The generated VCL shows a general transformation from the Apache ModSecurity language to VCL. The VCL shown here does not show how a rule increments your anomaly score based on your configured values.
Threshold rules cover a specific category of attack against your web application or API. An example threshold rule is shown below.
The threshold rule has a category name, revision indicator, tag, rule ID, mode selector, and Details.
Threshold rules perform an action and either log or block and log client HTTP requests. These rules take action when a score exceeds a given threshold value. The corresponding threshold value for each category is configured on the Thresholds and Scores page.
Lowering thresholds increases the sensitivity of your WAF. Raising thresholds reduces the sensitivity of your WAF across the various threshold categories.
The Fastly WAF includes the following threshold rules organized into categories. Each rule has a corresponding threshold value that controls its sensitivity.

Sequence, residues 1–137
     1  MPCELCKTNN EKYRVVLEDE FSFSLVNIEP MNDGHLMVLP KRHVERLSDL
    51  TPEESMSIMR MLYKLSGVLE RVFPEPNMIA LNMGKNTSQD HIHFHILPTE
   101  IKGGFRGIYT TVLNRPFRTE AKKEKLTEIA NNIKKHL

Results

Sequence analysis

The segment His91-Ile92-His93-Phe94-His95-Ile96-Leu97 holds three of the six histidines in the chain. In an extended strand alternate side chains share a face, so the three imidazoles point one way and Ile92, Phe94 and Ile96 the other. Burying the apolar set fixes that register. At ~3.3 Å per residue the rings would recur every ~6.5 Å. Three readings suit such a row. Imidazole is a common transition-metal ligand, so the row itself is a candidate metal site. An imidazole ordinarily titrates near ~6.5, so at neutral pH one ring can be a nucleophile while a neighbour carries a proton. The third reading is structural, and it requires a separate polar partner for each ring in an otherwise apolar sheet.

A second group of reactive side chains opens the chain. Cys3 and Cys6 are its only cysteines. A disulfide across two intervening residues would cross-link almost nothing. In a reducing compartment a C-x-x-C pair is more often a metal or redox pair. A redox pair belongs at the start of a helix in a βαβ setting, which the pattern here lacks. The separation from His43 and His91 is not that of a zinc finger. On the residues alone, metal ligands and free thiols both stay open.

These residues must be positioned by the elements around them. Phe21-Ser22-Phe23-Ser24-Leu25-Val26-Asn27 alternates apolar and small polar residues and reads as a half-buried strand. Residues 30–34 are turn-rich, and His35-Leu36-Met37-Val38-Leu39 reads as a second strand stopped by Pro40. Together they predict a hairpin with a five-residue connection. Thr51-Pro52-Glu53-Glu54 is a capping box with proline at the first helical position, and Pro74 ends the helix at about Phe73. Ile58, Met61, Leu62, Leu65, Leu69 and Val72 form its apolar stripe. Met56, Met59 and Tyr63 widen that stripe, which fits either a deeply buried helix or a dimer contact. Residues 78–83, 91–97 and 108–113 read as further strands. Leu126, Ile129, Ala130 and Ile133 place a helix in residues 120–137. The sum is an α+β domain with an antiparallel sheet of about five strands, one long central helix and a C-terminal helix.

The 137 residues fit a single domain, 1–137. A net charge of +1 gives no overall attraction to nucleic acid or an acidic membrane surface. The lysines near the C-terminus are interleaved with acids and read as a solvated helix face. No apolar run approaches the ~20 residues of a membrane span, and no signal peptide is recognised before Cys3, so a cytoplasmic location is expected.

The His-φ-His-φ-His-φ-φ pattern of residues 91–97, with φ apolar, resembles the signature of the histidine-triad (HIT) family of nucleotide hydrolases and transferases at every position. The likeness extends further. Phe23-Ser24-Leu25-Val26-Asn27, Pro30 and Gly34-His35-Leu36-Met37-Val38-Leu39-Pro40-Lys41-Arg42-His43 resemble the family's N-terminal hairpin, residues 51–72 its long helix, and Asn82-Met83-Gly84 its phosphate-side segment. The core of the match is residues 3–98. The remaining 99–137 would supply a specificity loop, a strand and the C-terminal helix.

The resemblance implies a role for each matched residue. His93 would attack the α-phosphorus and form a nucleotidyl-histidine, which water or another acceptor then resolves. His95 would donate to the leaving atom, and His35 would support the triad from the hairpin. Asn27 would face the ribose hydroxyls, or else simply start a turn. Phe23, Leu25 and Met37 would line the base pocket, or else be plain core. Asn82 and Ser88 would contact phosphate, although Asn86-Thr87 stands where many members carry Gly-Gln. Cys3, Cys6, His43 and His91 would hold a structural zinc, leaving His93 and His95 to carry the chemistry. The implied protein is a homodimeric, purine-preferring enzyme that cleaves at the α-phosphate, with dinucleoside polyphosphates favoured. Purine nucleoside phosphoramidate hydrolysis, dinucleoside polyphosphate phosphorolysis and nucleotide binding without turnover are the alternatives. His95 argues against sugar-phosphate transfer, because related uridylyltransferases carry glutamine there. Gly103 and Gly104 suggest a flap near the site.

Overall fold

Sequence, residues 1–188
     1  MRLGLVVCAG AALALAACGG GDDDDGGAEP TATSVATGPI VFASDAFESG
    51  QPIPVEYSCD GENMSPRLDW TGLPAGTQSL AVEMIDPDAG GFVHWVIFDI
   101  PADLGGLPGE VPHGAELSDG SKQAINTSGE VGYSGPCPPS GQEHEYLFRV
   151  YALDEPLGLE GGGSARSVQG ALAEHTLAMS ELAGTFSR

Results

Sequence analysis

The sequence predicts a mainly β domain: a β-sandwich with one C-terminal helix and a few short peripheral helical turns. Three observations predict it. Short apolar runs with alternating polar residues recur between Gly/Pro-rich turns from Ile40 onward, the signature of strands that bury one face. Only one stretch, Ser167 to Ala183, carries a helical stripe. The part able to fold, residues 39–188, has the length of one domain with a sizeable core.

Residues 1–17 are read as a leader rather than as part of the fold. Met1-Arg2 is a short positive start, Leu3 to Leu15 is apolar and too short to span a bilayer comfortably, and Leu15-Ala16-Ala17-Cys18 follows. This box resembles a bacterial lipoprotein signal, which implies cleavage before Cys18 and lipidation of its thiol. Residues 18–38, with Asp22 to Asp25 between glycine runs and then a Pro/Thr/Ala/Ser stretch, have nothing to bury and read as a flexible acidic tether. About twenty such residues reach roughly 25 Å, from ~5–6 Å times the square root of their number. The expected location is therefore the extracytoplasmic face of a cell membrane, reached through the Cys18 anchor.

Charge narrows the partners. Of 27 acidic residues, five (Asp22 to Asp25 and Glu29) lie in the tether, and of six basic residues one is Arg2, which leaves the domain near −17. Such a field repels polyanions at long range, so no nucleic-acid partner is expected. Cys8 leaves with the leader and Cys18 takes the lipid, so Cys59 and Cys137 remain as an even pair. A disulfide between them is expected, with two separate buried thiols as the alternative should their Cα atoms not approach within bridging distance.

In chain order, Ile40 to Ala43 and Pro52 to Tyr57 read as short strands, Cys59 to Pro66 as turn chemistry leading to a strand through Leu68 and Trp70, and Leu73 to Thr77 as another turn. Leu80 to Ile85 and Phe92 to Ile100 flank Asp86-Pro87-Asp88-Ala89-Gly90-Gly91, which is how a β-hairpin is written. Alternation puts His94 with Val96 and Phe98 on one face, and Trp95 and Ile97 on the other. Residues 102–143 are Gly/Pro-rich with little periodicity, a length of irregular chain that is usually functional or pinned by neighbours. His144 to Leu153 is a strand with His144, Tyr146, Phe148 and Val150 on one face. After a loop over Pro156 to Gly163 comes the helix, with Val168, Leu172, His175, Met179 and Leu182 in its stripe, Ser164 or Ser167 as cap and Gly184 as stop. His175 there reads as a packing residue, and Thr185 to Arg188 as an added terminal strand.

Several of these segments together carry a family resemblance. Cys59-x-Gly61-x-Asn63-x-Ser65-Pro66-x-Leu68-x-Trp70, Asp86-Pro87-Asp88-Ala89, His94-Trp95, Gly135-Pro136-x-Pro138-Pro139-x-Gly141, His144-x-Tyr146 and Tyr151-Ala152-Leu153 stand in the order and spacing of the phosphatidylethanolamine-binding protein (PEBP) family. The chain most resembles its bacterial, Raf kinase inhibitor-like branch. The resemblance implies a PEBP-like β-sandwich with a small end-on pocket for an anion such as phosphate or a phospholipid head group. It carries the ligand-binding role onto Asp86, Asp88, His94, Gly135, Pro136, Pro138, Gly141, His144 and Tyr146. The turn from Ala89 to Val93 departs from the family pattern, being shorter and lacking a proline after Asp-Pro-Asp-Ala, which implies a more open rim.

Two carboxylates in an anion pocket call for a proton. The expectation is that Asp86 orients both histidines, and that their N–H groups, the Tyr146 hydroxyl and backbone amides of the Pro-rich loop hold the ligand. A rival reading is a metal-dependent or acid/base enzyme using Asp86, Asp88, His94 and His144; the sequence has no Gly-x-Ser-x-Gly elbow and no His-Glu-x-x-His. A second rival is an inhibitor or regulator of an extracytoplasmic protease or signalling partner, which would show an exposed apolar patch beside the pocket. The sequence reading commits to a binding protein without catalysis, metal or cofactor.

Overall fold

|ID||Threshold Name||Rule Action Condition||Corresponding Threshold Value||Action Choice|
|1010090||Inbound Anomaly Score||Action taken when the inbound anomaly score exceeds the configured inbound anomaly threshold||Inbound anomaly threshold||Log or Block & Log|
|1010080||Session Fixation||Action taken when the session fixation score exceeds the configured session fixation threshold||Session fixation threshold||Log or Block & Log|
|1010070||HTTP Violation||Action taken when the HTTP violation score exceeds the configured HTTP violation threshold||HTTP violation threshold||Log or Block & Log|
|1010060||PHP Injection||Action taken when the PHP injection score exceeds the configured PHP injection threshold||PHP injection threshold||Log or Block & Log|
|1010050||Remote Command Execution (RCE)||Action taken when the RCE anomaly score exceeds the configured RCE threshold||RCE threshold||Log or Block & Log|
|1010040||Local File Inclusion (LFI)||Action taken when the LFI score exceeds the configured LFI threshold||LFI threshold||Log or Block & Log|
|1010030||Remote File Inclusion (RFI)||Action taken when the RFI score exceeds the configured RFI threshold||RFI threshold||Log or Block & Log|
|1010020||Cross-site Scripting (XSS)||Action taken when the XSS score exceeds the configured XSS threshold||XSS threshold||Log or Block & Log|
|1010010||SQL Injection||Action taken when the SQL injection score exceeds the configured SQL injection threshold||SQL injection threshold||Log or Block & Log|